In the future, Tim hopes to continue to contribute to the logistics industry and increase his reach to others. Eventually, he would like to be able to give back to others who are just beginning their careers and to teach future industry members about what he does. “Just as I had mentors along my career path, I hope to mentor those younger than I,” Tim stated.
Student Entrepreneurs Gather for First Ever Market on Main
by Steve Stewart and Curtis Sproul
On Friday evening, August 27, Benjamin Youngstrom (Management) and Emma Tirlot (International Trade) waited anxiously for the crowds of customers to arrive at Square One’s Market on Main. And arrive they did! Hundreds of shoppers filled East Main Street in Statesboro to browse and buy the products sold by the 35 Georgia Southern student entrepreneurs at their booths.
Square One is a student organization focusing on entrepreneurship. Benjamin serves as Square One’s president, while Emma serves as vice president. Market on Main was envisioned as a first-ever large gathering of Georgia Southern student entrepreneurs selling their products. Most students exhibiting at Market on Main are makers, making their own products and marketing them through pop-up sales and through social media commerce and other e-commerce platforms. This was the first time student entrepreneurs lined Main Street and gathered in one place.
Emma and Benjamin are both seniors. The idea for Market on Main came to them through a contact with the Business Innovation Group’s (BIG) Metter Incubator. Suzanne Hallman, assistant director of entrepreneurship education at BIG, made the introductions and, with Square One leadership, began to brainstorm how they could scale the event. The students worked closely with BIG, the City of Statesboro, the Statesboro Police Department, and Allen Muldrew and the Downtown Statesboro Development Authority (DSDA) to successfully petition for East Main Street to be closed for the event. After several meetings with new club advisors, Curtis Sproul, Ph.D., and Steve Stewart, Ph.D., and Georgia Southern President Kyle Marrero, the students executed the large event downtown.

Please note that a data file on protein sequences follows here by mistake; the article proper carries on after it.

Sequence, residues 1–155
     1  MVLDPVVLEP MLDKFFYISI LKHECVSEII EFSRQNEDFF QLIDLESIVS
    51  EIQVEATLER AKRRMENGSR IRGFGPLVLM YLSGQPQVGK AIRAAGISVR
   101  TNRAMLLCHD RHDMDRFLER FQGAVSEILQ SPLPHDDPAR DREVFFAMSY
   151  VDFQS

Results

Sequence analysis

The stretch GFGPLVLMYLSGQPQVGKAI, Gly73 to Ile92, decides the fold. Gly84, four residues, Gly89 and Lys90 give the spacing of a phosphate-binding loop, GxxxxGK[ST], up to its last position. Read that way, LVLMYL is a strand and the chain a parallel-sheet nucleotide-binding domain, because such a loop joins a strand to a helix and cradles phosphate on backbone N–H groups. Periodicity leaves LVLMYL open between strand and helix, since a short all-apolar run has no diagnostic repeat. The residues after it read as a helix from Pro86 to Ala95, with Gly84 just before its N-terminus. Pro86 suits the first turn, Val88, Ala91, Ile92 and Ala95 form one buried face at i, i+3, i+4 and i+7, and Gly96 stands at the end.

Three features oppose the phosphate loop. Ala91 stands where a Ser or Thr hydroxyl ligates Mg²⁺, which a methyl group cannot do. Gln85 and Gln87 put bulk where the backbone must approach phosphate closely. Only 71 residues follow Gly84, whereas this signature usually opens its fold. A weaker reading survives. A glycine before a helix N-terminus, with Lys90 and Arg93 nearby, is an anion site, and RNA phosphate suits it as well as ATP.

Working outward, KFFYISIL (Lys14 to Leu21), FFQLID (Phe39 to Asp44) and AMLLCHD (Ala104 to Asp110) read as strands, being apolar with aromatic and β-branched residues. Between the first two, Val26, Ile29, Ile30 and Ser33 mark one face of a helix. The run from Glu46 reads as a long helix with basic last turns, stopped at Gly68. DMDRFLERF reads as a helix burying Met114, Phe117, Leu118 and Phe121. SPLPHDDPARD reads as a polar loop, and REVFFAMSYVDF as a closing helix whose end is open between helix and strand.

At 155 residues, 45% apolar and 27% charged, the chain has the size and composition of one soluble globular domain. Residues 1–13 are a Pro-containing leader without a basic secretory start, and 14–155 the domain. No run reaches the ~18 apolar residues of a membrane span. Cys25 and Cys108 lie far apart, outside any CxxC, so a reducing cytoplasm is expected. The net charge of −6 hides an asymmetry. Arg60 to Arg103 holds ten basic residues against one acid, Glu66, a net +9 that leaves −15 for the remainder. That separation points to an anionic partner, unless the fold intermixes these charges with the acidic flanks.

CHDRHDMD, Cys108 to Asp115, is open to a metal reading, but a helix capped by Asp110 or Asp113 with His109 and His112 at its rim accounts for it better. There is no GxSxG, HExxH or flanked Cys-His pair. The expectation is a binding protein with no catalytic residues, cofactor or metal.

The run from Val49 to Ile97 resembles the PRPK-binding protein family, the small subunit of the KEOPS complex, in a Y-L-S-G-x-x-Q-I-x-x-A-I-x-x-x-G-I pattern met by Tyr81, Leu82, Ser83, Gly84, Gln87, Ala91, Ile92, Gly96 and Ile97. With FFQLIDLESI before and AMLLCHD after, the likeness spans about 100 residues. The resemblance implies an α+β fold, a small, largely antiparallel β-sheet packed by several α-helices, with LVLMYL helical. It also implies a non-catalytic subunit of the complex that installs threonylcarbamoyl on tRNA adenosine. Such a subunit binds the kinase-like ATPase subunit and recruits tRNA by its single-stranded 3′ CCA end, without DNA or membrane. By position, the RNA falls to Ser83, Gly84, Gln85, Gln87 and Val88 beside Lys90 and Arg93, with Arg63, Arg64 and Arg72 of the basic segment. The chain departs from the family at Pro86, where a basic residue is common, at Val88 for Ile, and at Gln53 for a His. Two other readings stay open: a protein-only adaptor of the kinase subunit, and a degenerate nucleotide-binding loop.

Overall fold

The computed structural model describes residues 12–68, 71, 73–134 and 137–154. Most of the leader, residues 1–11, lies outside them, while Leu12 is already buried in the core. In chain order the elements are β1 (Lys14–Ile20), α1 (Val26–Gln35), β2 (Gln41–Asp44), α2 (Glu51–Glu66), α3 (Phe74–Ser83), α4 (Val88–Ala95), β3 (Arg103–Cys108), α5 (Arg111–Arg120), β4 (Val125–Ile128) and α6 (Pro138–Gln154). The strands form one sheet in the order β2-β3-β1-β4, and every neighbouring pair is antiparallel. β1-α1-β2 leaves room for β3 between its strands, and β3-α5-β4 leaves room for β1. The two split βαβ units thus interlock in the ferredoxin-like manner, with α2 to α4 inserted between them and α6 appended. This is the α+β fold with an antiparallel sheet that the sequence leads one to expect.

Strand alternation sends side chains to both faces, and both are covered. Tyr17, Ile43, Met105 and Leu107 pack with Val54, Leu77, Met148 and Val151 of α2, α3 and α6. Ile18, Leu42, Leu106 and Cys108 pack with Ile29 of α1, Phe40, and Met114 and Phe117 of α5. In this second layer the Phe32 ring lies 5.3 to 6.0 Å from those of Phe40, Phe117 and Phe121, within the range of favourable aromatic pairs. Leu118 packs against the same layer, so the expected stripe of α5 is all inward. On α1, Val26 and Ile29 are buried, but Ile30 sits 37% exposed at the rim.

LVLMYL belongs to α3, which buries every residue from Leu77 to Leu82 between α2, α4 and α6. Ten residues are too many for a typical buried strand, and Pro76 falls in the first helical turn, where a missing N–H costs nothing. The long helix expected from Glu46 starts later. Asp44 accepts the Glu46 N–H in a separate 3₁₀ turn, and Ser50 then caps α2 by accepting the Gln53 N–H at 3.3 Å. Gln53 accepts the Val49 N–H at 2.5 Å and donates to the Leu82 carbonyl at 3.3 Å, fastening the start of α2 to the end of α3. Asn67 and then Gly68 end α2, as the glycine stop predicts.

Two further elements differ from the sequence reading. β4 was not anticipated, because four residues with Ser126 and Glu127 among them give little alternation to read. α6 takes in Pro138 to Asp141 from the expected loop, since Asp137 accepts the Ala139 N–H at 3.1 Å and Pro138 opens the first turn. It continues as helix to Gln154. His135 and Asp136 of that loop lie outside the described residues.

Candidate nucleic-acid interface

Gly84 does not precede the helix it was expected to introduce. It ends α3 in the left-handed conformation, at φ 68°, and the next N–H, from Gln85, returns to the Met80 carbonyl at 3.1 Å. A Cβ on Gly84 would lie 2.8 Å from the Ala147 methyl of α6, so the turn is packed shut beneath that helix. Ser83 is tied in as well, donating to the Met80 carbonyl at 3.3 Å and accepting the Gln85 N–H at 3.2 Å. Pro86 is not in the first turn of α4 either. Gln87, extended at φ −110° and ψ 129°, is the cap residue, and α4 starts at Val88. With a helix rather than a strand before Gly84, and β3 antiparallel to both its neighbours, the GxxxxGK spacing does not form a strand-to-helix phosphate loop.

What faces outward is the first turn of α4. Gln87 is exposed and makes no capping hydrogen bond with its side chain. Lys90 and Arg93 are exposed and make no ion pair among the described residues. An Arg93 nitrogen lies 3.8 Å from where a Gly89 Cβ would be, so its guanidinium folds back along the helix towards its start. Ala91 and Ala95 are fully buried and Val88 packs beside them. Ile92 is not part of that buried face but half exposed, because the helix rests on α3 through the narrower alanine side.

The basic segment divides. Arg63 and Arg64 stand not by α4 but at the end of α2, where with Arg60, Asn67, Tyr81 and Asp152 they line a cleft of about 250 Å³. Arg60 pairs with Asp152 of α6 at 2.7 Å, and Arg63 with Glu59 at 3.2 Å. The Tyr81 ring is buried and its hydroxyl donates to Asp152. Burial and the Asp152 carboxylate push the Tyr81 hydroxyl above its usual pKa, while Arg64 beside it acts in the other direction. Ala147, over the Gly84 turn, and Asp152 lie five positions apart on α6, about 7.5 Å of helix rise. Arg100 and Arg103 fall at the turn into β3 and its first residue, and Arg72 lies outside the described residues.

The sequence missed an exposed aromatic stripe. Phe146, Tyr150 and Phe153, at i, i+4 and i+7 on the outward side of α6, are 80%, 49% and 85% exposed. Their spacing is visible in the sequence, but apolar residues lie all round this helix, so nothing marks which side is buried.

“Market on Main was a great first run; we are excited to host such an event. Not only was it a powerful way to kick off Square One’s year, but, more importantly, it was a great privilege to host so many talented student businesses! We’re so grateful to everybody who came out and are excited to see where this year takes us!” reported Benjamin. Emma added, “This market far exceeded my expectations. I am excited to see student businesses succeed and start bridging the gap between Georgia Southern and the local entrepreneurial community!”
Student entrepreneurs at the first Market on Main event displayed and sold items like jewelry, goat’s milk products, handmade all-natural cosmetics, custom artwork, t-shirts, cake pops, and other items. Hunter Cornett, a finance major and owner of Borowood, a business housed in BIG’s Incubator, had a large display of his custom wood signs and artwork. Many customers could be seen carrying Borowood’s wooden flags they had purchased through the event.
Square One students raised sponsorships from local businesses, including Hawk Construction, Whitfield Signs, EMC Engineering, Touchable Design, and Sew Much Fun. The event included live music and several food trucks, including Rolling Monkey, Wavee Shavee, Saucy Shrimp, and Kickback Shack Barbeque. The Square One students also used this event as a way to recruit other student entrepreneurs from across colleges on campus and are working with the Downtown Statesboro Development Authority to do the event again during the holiday season and to include student entrepreneurs in DSDA events in the future.
Future Double Eagle Working on Vaccine Trials
by Benjamin Tankersley
The United States Food and Drug Administration approved the Pfizer-BioNTech Covid-19 vaccine on August 23, with the Moderna vaccine primed to follow it. These vaccines are being approved after various trials have been completed, like the series that MBA student Ashley Landers has been apart of with Emory University.
When researching MBA programs, it ended up being an easy decision for Landers.
“I wanted to work and still be able to go to school and get my education,” Landers said. “As a former Georgia Southern student, when I saw that they had the WebMBA, I was very excited to continue my education as an Eagle. It was a very easy process, emailing back and forth with the [Graduate Programs Office] about prerequisites or just very general questions, even now to this day, they are very quick responding and helpful.”
Landers, who is set to graduate with her MBA this spring, started working with the School of Medicine’s Infectious Disease Department in June 2020 to assist with research on the Moderna vaccine.
Included in the research done by this department are three studies: vaccine trials, testing vaccinated individuals for antibodies and testing unvaccinated individuals for antibodies. Most of Landers’ work is on the recruitment side, also referred to as field work.
“With the vaccine trials, it was very easy to get recruitment, because people were wanting a great vaccine for people, so we could go back to some type of normalcy,” Landers said.
The department also offered several incentives to encourage people to participate, such as free antibody tests, which can regularly cost $200 to $300.